Skip to main content Accessibility help
×
Home
Hostname: page-component-684bc48f8b-4z9h4 Total loading time: 0.309 Render date: 2021-04-11T17:17:39.054Z Has data issue: true Feature Flags: { "shouldUseShareProductTool": true, "shouldUseHypothesis": true, "isUnsiloEnabled": true, "metricsAbstractViews": false, "figures": false, "newCiteModal": false, "newCitedByModal": true }

Article contents

Economic implications of using Japanese Black sires carrying recessive genes associated with genetic defects

Published online by Cambridge University Press:  01 July 2008

M. Nishio
Affiliation:
Laboratory of Animal Husbandry Resources, Graduate School of Agriculture, Kyoto University, 606-8502 Kyoto, Japan
A. K. Kahi
Affiliation:
Animal Breeding and Genetics Group, Department of Animal Sciences, Egerton University, P.O. Box 536, 20115 Egerton, Kenya
H. Hirooka
Affiliation:
Laboratory of Animal Husbandry Resources, Graduate School of Agriculture, Kyoto University, 606-8502 Kyoto, Japan
Corresponding
Get access

Abstract

The objective of this study was to calculate cumulative discounted expressions (CDE) for Japanese Black sires carrying a single defective allele in a herd by applying the gene-flow method to investigate the expression pattern of homozygous recessive genotype and to evaluate the monetary loss of using these sires. A single biallelic locus was considered with A representing the dominant allele and a representing the recessive allele. The gene-flow method was modified to consider the fitness of homozygous recessive genotype. Input parameters representing a typical situation in a Japanese Black cattle herd were used to calculate the CDE and the loss of using carrier sires. The effects of initial allele frequency and fitness on the CDE were determined for Aa and AA sires. The CDE of Aa sires were larger than those of AA sires under all initial allele frequencies and fitness. The difference in the CDE between using Aa and AA sires was largest when fitness was 0 (lethal recessive condition). The differences in the loss between Aa and AA sires were larger with increasing initial allele frequencies in lethal recessive condition. Applying the method used in this study to defects reported in Japanese Black cattle and with a population size of 628 000, the difference in the loss between using Aa and AA sires was US$48 575 800 and US$74 418 000 in the case of Band-3 and Claudin-16 deficiencies, respectively. The approach used in this study could be applied to other genetic defects in different breeds and species.

Type
Full Paper
Copyright
Copyright © The Animal Consortium 2008

Access options

Get access to the full version of this content by using one of the access options below.

References

Amer, PR 1999. Economic accounting of numbers of expressions and delays in sheep genetic improvement. New Zealand Journal of Agricultural Research 42, 325336.CrossRefGoogle Scholar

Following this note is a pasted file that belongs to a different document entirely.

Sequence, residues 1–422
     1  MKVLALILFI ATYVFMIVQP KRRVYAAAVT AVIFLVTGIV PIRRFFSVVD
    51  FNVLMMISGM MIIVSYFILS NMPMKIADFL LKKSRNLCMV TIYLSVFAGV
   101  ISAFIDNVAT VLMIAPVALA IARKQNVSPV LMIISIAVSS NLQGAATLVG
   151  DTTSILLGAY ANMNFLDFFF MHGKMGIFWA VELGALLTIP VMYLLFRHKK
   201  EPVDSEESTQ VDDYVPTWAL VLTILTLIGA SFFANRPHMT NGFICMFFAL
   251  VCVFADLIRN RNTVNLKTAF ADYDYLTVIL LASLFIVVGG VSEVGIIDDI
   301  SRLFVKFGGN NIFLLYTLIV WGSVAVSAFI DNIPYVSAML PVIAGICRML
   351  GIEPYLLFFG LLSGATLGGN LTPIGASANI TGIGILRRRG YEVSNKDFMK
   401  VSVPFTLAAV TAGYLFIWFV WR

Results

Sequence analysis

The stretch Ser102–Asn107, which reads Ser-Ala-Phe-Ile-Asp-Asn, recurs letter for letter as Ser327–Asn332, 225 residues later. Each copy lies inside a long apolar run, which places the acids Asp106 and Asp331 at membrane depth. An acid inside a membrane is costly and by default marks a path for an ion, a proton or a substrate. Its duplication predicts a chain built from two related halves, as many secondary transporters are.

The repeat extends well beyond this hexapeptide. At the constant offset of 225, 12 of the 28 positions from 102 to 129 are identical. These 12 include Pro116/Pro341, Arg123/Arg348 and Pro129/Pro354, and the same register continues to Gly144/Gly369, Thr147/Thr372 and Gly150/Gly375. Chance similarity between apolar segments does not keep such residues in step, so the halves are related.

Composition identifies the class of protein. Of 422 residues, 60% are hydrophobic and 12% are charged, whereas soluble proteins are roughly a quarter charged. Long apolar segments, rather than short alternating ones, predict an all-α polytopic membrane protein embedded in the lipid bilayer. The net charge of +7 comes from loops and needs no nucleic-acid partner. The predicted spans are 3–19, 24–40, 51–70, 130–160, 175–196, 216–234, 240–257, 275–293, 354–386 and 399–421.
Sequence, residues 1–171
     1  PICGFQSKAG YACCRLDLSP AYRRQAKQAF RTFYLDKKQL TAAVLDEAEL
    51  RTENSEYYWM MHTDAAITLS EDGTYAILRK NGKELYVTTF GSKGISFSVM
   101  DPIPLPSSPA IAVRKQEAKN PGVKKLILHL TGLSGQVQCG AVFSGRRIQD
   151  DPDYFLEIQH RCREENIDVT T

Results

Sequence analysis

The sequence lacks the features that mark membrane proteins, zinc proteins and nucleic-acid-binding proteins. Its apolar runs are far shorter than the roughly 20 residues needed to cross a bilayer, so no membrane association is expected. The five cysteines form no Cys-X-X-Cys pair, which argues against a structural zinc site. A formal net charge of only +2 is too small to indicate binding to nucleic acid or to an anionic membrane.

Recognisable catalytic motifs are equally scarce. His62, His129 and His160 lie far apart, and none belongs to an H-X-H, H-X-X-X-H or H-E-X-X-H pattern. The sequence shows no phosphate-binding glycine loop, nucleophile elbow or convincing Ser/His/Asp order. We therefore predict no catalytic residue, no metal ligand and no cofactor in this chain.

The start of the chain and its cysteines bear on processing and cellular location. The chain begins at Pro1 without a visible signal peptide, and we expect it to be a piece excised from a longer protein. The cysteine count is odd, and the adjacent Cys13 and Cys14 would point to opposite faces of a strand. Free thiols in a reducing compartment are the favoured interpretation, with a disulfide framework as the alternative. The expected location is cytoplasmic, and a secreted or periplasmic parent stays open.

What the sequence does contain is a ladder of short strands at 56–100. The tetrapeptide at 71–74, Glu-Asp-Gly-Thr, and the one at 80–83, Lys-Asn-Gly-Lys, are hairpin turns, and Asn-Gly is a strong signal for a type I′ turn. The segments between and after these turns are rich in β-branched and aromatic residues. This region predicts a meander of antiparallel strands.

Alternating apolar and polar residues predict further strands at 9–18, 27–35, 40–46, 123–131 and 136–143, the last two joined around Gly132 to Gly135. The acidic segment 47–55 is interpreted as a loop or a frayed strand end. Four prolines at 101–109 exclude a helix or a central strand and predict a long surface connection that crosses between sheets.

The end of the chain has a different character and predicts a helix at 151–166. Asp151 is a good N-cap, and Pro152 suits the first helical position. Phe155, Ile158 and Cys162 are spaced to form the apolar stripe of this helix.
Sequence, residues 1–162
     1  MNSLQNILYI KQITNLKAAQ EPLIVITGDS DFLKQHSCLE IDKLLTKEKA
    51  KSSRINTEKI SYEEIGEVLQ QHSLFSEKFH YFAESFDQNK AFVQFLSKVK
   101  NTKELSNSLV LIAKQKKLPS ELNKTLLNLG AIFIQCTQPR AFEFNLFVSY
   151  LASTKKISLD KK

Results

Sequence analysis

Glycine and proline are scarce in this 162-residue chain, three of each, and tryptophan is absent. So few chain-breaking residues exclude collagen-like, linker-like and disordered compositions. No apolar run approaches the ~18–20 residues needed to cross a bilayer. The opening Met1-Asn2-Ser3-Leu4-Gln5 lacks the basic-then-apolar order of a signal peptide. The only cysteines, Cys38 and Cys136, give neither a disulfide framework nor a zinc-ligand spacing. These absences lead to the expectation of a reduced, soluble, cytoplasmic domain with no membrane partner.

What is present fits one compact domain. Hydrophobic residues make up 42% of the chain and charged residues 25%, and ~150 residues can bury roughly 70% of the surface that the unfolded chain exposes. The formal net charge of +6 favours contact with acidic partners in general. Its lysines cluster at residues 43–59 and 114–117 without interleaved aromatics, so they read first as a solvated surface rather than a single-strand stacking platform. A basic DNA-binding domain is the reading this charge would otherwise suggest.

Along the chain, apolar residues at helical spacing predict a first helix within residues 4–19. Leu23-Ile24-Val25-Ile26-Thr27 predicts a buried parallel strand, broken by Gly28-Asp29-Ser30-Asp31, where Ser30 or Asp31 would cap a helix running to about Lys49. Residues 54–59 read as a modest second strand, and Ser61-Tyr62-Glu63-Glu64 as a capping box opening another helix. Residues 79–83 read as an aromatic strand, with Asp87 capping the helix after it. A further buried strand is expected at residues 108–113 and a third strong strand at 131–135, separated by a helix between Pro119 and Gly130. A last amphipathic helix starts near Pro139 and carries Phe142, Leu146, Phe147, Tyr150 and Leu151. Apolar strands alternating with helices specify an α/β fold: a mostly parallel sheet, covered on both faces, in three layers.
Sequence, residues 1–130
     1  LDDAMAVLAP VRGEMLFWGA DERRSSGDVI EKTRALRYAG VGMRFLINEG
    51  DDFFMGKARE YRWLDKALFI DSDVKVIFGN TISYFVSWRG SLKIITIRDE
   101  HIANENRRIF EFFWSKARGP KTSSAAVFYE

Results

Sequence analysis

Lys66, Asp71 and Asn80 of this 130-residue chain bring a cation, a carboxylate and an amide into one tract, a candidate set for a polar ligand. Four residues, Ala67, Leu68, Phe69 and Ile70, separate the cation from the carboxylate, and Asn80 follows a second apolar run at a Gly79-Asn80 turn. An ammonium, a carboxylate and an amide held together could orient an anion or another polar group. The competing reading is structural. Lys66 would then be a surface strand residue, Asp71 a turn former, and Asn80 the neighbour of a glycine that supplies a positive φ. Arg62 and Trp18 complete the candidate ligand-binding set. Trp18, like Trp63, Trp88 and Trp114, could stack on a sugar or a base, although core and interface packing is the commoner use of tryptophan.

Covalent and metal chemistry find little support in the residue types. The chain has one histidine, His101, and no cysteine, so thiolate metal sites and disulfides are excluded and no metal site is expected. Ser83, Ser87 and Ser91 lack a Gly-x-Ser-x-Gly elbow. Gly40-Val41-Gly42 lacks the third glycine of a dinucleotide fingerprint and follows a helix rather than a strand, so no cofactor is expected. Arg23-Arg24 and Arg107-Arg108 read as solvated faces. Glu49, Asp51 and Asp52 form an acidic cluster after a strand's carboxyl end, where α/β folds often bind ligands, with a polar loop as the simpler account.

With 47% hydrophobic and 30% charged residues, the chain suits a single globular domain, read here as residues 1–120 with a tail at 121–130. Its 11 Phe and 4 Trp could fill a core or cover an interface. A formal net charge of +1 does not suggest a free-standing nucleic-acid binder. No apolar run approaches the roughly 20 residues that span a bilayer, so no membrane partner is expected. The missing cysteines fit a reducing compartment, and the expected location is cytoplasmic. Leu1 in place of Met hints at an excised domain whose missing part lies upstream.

Amer, PR, Simm, G, Keane, MG, Diskin, MG, Wickham, BW 2001. Breeding objectives for beef cattle in Ireland. Livestock Production Science 67, 223239.CrossRefGoogle Scholar
Berry, DP, Madalena, FE, Cromie, AR, Amer, PR 2006. Cumulative discounted expressions of dairy and beef traits in cattle production systems. Livestock Science 99, 159174.CrossRefGoogle Scholar
Ghanem, ME, Nishiobori, M, Nakao, T, Nakatani, K, Akita, M 2005. Factor XI mutation in a Holstein cow with repeat breeding in Japan. Journal of Veterinary Medical Science 67, 713715.CrossRefGoogle Scholar
Groen, AF 1990. Influences of production circumstances on the economic revenue of cattle breeding programmes. Animal Production 51, 469480.CrossRefGoogle Scholar
Hill, WG 1974. Prediction and evaluation of response to selection with overlapping generations. Animal Production 18, 117139.CrossRefGoogle Scholar
Kearney, JF, Amer, PR, Villanueva, B 2005. Cumulative discounted expressions of sire genotypes for the complex vertebral malformation and β-casein loci in commercial dairy herds. Journal of Dairy Science 88, 44264433.CrossRefGoogle ScholarPubMed
Kobayashi, N, Hirano, T, Maruyama, S, Matsune, H, Mukoujima, K, Morimoto, H, Nakayama, T, Sugimoto, Y 2000. Genetic mapping of locus associated with bovine chronic interstitial nephritis to chromosome 1. Animal Genetics 31, 9195.CrossRefGoogle ScholarPubMed
Kunieda, T 2005. Identification of genes responsible for hereditary diseases in Japanese beef cattle. Animal Science Journal 76, 525533.CrossRefGoogle Scholar
Kunieda, M, Tsuji, T, Abbasi, AR, Khalaj, MK, Ikeda, M, Miyadera, K, Ogawa, H, Kunieda, T 2005. An insertion mutation of the bovine F11 gene is responsible for factor XI deficiency in Japanese Black cattle. Mammalian Genome 16, 383389.CrossRefGoogle ScholarPubMed
Larzul, C, Manfredi, E, Elsen, JM 1997. Potential gain from including major gene information in breeding value estimation. Genetics, Selection, Evolution 29, 161184.CrossRefGoogle Scholar
LIAJ (Livestock Improvement Association of Japan) 2001. Results of DNA tests for genetic disease genes. LIAJ, Tokyo, Japan.Google Scholar